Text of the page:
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   Operation Deep Freeze was an annual mission supported by the US Army Aviation detachment from 1956 to 1969. 

   Each year, from October to January, Fort Eustis provided helicopter transportation and limited logistical support to geophysical scientists and topographic personnel of the National Science Foundation in Antarctica.  They supported scientific field party activities in remote areas of the South Pole.

group photo pilots and crew of 1st helicopters to the South Pole

Crew and pilots of the first helicopters to the South Pole, 4 February 1963.


unloading Hueys at South Pole from C-124

Hueys arrive at the South Pole in C-124 Globemasters, 1963.

3 penguins meet a soldier

Local penguin dignitaries arrive to greet the visitors.

The detachment operated under the most unfavorable environmental conditions.  At times, temperatures would fall below -40 degrees F, and strong winds and snowstorms were constant.

image of snow buildup on front of Huey

image showing tie-down of huey

   Huey dug out of a snowdrift after a severe blizzard from 24 – 31 December 1967.  Blankets were wrapped around the swash plate and gear box, preventing heavy snow buildup  The horizontal tie down technique was highly effective in high winds.


exercising the Huskies at McMurdo Sound.

New Zealand dog handlers exercise the dogs at McMurdo Sound, 1960.

image of sleds pulled by snowmobile

Sleds pulled by snowmobiles or dogs provided transportation between camps.

Hueys in the snow
tractor in the snow
landscape of snow and ice and rock
penguins playing in snow/ice

    Task Force 43, commanded by the US Navy was responsible for Operation Deep Freeze's logistics, planning, coordination, and support.  Due to the Army's experience in Arctic operations, the Navy requested the Army's help to support the scientists in the Antarctic.

arrival of supplies

Newly arrived supplies at one of the base camps.

surveying location

COL Dawson at sign post  huey in snow
device for detecting hidden crevasses

Left, Col Merle R. Dawson (L), a Transportation Corps officer, and two other officers reported to the Deep Freeze staff in 1956 as   technical advisors on trail operations.  Dawson was placed in charge of tractor trains and traverse parties.  Later that year, in his first field mission, he led the first group of men from Fort Eustis into Antarctica.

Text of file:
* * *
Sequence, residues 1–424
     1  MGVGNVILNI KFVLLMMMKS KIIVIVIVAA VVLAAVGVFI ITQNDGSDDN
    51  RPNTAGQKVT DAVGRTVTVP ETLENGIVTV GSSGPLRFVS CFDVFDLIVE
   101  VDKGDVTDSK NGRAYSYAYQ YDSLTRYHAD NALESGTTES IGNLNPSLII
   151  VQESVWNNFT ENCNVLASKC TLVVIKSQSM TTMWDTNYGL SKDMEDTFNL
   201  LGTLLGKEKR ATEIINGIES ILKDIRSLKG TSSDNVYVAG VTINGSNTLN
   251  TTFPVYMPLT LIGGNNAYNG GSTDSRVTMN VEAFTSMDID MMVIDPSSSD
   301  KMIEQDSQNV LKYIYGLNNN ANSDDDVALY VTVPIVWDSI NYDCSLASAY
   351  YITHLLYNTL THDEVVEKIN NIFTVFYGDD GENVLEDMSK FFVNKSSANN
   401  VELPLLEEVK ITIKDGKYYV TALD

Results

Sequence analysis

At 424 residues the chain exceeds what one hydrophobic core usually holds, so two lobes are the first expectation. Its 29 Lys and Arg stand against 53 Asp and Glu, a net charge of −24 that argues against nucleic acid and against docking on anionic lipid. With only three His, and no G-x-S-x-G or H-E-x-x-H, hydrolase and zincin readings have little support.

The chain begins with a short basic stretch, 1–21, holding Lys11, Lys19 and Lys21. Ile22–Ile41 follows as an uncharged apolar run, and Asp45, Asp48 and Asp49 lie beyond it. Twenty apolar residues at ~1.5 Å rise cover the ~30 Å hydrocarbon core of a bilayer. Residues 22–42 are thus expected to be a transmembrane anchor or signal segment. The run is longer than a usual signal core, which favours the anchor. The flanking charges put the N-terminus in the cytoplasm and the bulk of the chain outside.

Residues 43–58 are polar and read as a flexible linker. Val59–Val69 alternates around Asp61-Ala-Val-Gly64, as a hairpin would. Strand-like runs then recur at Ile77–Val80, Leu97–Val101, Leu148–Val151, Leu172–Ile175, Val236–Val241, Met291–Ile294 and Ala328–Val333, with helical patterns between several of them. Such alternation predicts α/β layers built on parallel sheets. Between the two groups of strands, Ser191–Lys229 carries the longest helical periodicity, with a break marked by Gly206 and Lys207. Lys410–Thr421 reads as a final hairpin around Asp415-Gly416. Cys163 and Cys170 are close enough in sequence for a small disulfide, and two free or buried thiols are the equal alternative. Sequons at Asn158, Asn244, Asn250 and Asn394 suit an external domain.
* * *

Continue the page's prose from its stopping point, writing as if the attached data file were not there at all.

Col Merle Dawson and 12 other Transportation Corps members had the mission to survey and build a safe trail across unexplored Antarctic territory. 

   Finding a safe route was important over uncharted lands.  They used an Army vehicle (pictured left), resembling a large spider to detect hidden crevasses.  The team detoured around the crevasses or filled them with snow.


    Between 1956 and 1957, the Army mapped a trail 650 miles inland and established Byrd Station.  Byrd Station became a major scientific station and exploration base.  Because of the trail, supplies could be easily transported inland.

at Byrd Station

   Another trail was built between 1957 and 1958 across the Ross Ice Shelf to McMurdo at a distance of 458 miles in order to evacuate equipment and supplies from Little America V and to replenish supplies to inland scientific stations.

supplies arriving at Byrd station

   Another trail was built in 1959-1960 between McMurdo and Marble Point, where surveys were conducted for a commercial airstrip.

Helos at helo pad

Above, the helicopter pad at McMurdo, 1960.

   During air reconnaissance operations to establish safe routes for the National Science Foundation parties, Army personnel discovered several new ranges in Sentinel Mountains where helicopter detachments supported a detailed mapping operation.

entrance to Camp Marie Byrd Land

   From the scientific station at Byrd Station, Army personnel flew scientists in the Hueys to remote and inaccessible areas all over the Antarctic.     Scientists from around the world performed experiments in selected areas of the South Pole.

setting up equipment another view of the landscape, snow, ice, rocks


Ben Luck in front of Huey

Ben Luck with UH-1


passengers in Huey
getting scientist from locatoin
survey in the snow, ice, rock
huey in the snow


survey equipment in the snow
checking equipment in the snow

   In 1961, 10 officers and men led by LT John Greene began testing and evaluating the performance  of two UH-1B Iroquois turbo-driven helicopters on the ice and in severe cold.  Two geological missions - TOPO North and TOPO South - were among their first successes.

helo above the ice


changing an engine

Changing an engine on top of Mount Discovery, October 1961.



Refueling, Operation Deep Freeze, 1968.


refueling in the cold, cold, cold cold snow

   The Hueys were disassembled each year, and carefully packed into US Navy aircraft for the return trip to Fort Eustis, Virginia.

removing a rotor for shipment

Above, removing the rotor.

Right, removing the mast.


removing the mast for shipment

helo on board and going home where it is warm.

loading up and getting ready to go

Above , packed tightly within the C-124 Globemaster.


medal for service in the Antarctic


MAJ Dawson


Major Merle Dawson (above) was presented with the first Army Antarctic Service Medal.  In the photo above, he presented Major General Paul Yount with the Transportation Corps flag that flew over Byrd Station.

MAJs Mogenson and Dawson

    Major Palle Mogensen (L) and Major Merle Dawson appeared in an NBC documentary, "Eleven Against the Ice," in September 1957.  Led by Major Dawson, NBC detailed of the 11 men who trailed the 640 mile safe route across the Antarctic to build Byrd Station.

Army support of penguin espirit de corps

 “Group Photo” – three members of the aviation detachment with the local dignitaries.  


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